Jump to content


Return to Monkey Island = Twin Peaks: The Return (change my mind)

Ahoy Fancy Pants

Recommended Posts

OK, so the title of this post is really just an invitation to someone who's smarter than I am to deliver a real honest-to-goodness analysis comparing Twin Peaks: The Return and Return to Monkey Island. Dantoine in another thread (here) brought up this comparison, and I think it's a great one, well worth exploring. In both cases, the original creators (David Lynch for Twin Peaks, Ron Gilbert and Dave Grossman for Monkey Island) return decades later to pick up and "wrap up" their original stories that never received proper conclusions. In both cases, the creators insisted on full control to create exactly what their vision was. And in both cases, the results were not what many expected or necessarily wanted, in some cases actively pushing back against the very concept of there being such a thing as a satisfying conclusion.


I'd argue that Gilbert and Grossman are way more in the camp of "give 'em what they want" than Lynch is. RTMI is much more inviting than Twin Peaks: The Return, which at times felt intentionally alienating. But I can't help but feel that they share a lot of the same DNA philosophically in regards to the tension between storytellers and their audience.


What is the story that needs to be told that justifies coming back after all these years? Do they have a story so compelling that they felt a need to share it with the world? Is it more of a feeling of obligation because the fans demand it? How much is motivated by money? If the answer to that is, a lot, does that taint the experience? How much is motivated by ego? Isn't storytelling largely ego-driven to begin with? Is it possible to deliver a satisfying follow-up to a popular, legacy franchise without coming across as pandering?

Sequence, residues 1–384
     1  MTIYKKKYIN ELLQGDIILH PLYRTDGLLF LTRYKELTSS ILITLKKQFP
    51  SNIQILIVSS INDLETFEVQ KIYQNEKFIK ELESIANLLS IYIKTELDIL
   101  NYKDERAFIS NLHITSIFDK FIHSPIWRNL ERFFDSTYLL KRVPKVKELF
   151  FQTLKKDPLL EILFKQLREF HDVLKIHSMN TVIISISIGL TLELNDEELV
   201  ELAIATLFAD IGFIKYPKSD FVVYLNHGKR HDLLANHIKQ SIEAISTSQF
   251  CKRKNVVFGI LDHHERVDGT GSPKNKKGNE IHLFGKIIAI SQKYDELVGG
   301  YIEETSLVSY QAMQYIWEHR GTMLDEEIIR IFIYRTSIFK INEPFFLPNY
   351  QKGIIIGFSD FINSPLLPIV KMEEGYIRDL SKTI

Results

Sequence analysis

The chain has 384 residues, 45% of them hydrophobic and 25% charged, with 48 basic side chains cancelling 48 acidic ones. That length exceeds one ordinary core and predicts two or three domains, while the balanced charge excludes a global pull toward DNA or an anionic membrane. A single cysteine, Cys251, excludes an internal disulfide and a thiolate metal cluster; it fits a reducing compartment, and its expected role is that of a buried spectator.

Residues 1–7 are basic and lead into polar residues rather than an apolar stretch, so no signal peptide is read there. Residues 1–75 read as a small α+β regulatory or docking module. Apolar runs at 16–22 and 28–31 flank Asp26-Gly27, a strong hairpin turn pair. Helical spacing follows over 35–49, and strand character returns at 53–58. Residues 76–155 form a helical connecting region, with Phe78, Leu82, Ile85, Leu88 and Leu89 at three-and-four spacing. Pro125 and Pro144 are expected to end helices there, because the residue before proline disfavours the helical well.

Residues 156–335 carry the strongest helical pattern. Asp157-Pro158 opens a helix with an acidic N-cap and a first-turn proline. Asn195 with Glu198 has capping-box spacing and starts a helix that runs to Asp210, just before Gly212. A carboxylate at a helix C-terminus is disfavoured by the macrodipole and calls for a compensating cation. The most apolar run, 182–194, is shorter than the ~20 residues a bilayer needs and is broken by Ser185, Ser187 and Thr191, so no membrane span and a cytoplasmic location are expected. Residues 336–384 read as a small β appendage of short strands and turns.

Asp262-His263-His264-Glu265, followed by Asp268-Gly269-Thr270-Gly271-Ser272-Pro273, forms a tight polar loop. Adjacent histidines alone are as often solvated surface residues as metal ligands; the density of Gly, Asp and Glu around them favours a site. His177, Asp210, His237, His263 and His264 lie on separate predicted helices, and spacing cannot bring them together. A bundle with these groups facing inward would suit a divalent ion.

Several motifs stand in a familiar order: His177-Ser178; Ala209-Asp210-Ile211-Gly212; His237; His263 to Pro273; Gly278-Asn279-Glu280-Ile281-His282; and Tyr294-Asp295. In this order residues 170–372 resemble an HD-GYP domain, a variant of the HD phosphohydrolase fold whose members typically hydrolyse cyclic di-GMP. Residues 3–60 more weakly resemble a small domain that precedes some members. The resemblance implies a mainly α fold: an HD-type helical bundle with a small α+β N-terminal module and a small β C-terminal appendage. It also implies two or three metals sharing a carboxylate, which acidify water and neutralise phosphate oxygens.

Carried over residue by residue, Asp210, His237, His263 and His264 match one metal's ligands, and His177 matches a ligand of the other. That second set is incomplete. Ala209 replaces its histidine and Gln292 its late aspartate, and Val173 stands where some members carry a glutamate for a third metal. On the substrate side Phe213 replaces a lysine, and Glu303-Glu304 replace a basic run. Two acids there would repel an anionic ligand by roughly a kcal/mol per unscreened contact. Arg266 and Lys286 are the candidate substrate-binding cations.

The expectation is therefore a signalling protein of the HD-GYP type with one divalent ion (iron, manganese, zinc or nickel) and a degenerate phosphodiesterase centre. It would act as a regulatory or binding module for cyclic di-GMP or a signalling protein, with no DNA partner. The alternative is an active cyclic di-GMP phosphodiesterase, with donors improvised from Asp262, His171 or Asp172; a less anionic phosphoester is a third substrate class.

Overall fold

RTMI is first and foremost a fun and silly game, and these are some philosophical questions that a casual observer might argue are looking for depth where it isn't merited. But just because it doesn't present itself as Art (with a capital A) the way so much of Twin Peaks: The Return did doesn't mean it doesn't warrant the same level of scrutiny.


At any rate, it's fun! Not just the game itself but talking and debating about it. If nothing else, maybe we'll make some friends along the way!

Link to comment
Share on other sites

I saw the end of Twin Peaks the Return in part as Frost and Lynch doubling down on an indictment of coopers self-motivated and maybe self-satisfied and definitely hubristic belief that he has the power to save people who are beyond saving, or maybe don’t want to be saved, or maybe don’t need to be saved. It happened a bit at the end of the series 2 finale, happened again in fwwm (his advice about whether or not Laura should take the ring), and was aggressively doubled down on at the end of The Return, where after already combusting multiple times attempting this, Coop fights his way out of the black lodge (or whatever it is) only to drag a seemingly random woman to Laura Palmers house, arguably doing far more harm to the universe than good in the process. That image at the original series finale of him smashing his head into the mirror again and again was stuck in my brain as the scene cut to black at the end of season 3.

Unsurprisingly some fans were absolutely livid at this: Where’s coopers heroic end? Why didn’t he save Laura for good? Lynch is trolling us, spitting in our faces! It’s more of the same!


I feel like with Twin Peaks The Return, Frost and Lynch were at least in part saying, definitively, “you heard us the first two times,” knowing some people won’t like that at all but doing it anyway. 

Like you said, I don’t think Gilbert and Grossman were being as arms-length about it, and I feel like across the prologue, entirety of Part 5, and the epilogue, they satisfyingly answer far more than Peaks ever did (and more than I expected them to with Monkey, to be honest. But like Frost and Lynch, I think they were definitely declaring “we don’t ever want you to be 100% comfortable with this, and we never did. If you missed that the first time, now it is laid out even more clearly.”